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Adapting Dune to the Screen: Three Different Interpretations of Herbert’s Vision


Adapting <i>Dune</i> to the Screen: Three Different Interpretations of Herbert&#8217;s Vision

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Adapting Dune to the Screen: Three Different Interpretations of Herbert’s Vision

Which of these adaptations is the most faithful to the book—and does that make it the best?


Published on February 26, 2024

Images of the three actors portraying Paul Atreides in different adaptations of Dune: Kyle MacLachlan, Alec Newman, and Timothée Chalamet

Against all odds, Frank Herbert’s 1965 science fiction novel Dune has been adapted to the screen three times, though with varying degrees of faithfulness. David Lynch’s penchant for the grotesque shines through in his 1984 film Dune. John Harrison takes a Shakespearean approach in his 2000 television miniseries Frank Herbert’s Dune. Most recently, Denis Villeneuve showcases the visual beauty of the desert in his 2021 film Dune: Part One.

Although many things have changed in the political, social, and cultural landscape since the 1960s, Herbert’s book remains the same. So, directors, producers, and other cast and crew have had to make numerous decisions about how to adapt this story to their time period and audience. What they choose to keep, remove, or change impacts how true their adaptation is to the original novel. Even though all of these directors said publicly that they wanted to stay faithful to the source material, ultimately each had to make a choice about how strongly to hold to this conviction.

Here are a few of the features in each adaptation that either succeed in staying faithful or miss the mark.

Dune (1984)

A scene from Dune, directed by David Lynch
In David Lynch’s film Dune (1984), Paul Atreides dismisses his teacher Thufir Hawat’s concern that he has his back to the door, while other teachers Gurney Halleck and Dr. Yueh also stand behind Paul. (Credit: Universal Pictures)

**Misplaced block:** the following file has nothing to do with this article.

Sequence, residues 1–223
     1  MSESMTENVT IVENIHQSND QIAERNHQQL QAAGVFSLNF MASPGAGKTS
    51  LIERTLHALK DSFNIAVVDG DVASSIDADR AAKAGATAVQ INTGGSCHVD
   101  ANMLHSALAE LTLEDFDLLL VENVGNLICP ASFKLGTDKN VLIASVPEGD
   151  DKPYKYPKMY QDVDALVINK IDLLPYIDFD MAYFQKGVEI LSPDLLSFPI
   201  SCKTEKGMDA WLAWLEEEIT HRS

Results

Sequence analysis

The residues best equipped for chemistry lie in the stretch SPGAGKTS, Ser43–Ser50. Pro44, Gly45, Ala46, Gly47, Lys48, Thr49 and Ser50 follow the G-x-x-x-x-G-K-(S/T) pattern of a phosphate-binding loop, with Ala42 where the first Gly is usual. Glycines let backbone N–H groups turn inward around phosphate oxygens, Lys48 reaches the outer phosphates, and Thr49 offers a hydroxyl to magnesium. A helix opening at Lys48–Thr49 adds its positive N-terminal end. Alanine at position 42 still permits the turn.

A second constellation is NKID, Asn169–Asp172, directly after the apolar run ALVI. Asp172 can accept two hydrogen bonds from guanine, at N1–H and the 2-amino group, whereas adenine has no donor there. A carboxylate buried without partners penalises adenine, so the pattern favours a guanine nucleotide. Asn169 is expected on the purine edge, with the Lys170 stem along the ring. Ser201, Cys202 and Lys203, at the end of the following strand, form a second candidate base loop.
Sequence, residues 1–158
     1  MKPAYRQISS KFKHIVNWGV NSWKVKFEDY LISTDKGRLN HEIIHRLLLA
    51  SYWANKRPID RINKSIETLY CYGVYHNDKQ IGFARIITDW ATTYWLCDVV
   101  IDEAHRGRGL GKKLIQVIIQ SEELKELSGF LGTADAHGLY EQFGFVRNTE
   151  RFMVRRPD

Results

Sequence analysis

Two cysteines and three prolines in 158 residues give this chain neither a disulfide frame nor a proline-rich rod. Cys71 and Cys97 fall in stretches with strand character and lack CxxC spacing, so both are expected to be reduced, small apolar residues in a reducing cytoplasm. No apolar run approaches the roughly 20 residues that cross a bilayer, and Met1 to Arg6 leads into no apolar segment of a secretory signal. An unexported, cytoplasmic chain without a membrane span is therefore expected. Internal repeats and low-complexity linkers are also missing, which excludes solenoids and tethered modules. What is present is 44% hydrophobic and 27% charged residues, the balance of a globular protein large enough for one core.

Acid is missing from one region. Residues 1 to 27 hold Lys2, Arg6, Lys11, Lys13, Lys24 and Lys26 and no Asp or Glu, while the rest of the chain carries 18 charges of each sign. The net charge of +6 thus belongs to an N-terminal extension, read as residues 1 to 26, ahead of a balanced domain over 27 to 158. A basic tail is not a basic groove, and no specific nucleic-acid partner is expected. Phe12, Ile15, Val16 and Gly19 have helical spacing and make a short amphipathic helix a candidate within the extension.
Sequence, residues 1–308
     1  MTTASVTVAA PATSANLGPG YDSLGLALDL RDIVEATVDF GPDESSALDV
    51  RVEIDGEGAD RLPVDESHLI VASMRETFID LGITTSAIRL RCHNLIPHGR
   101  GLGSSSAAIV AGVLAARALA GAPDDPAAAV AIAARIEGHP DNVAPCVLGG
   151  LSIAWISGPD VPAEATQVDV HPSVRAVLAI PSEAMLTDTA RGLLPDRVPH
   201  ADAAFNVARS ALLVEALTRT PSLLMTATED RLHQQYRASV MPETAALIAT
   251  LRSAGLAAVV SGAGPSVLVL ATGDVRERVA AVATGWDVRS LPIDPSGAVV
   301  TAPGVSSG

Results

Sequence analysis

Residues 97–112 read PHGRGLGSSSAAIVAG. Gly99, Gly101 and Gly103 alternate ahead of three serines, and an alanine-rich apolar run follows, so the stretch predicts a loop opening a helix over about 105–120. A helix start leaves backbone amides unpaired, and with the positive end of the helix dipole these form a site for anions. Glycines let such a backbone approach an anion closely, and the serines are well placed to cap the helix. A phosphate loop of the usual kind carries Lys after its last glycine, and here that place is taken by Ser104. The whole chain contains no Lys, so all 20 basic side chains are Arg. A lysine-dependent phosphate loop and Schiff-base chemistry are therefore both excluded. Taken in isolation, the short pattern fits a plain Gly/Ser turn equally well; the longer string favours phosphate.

The script for Dune (1984) includes many lines taken directly from the book, especially in the first half of the film. In an early scene where Paul Atreides’ trusted teachers Thufir Hawat, Gurney Halleck, and Dr. Yueh enter a room with Paul sitting at a desk, the conversation is almost identical:

PAUL: I know, Thufir. I’m sitting with my back to the door. I heard you, Dr. Yueh, and Gurney coming down the hall.

THUFIR: Those sounds could be imitated.

PAUL: I’d know the difference.

There are many other examples of lines recognizable from the book in Lynch’s Dune. Herbert himself noted that he could hear his dialogue all the way through the movie and thought fans would enjoy tracking down the lines after watching it. Interestingly, one iconic line that isn’t in the book is “the spice must flow,” though this phrase from the film still accurately captures the strong desire for spice that drives the various factions in the Imperium.

Lynch’s Dune remains the only adaptation that attempts to stay faithful to the book’s inner monologues by including voice-overs. Throughout the film, the camera will hold steady on an actor’s face as they pause silently and a voice-over reveals what they are thinking in that moment. For example, after the conversation between Thufir and Paul mentioned above, the camera lingers on Thufir’s face as his voice-over says, “Yes, perhaps he would at that.” This line reflects Thufir’s inner thought from the book and clues the audience in to the idea that Paul has special perceptive abilities and little reason to worry about his personal safety. Later, after Jessica shows a hint of concern for Paul before he is left alone with the Reverend Mother Mohiam, Paul’s voice-over asks, “What does she fear?” Not only does this build suspense for the following scene with the gom jabbar test, it helps the audience understand Paul’s thought patterns. The voice-overs align with the book by letting viewers get inside the characters’ heads and experience events alongside them.

However, Lynch also took liberties with the source material that move his film further from the themes and concepts important to Herbert’s story. The weirding modules are one of the biggest changes. In the book, the Atreides’ advantage in combat lies with their strong training by fighters such as Duncan Idaho and Gurney Halleck. Paul has an additional advantage because he was trained in the supreme control of mind and body by his mother, a member of the Bene Gesserit Sisterhood. But in the film, weirding modules are introduced as the Atreides’ secret advantage. They take the name of the Bene Gesserit’s ‘weirding way’ and appear to work by harnessing the power of sound, but these point-and-shoot weapons require no skill to use. In his book A Masterpiece in Disarray: David Lynch’s Dune. An Oral History (2023), Max Evry suggests that they reflect Lynch’s interest in Transcendental Meditation and the power that one word or mantra can access. This may be true, but ironically the modules undercut the mental and physical strength and skill of both the Fremen warriors and the Bene Gesserit from the book. They unnecessarily add technological gadgets to a story that originally uplifted humans’ abilities over technology.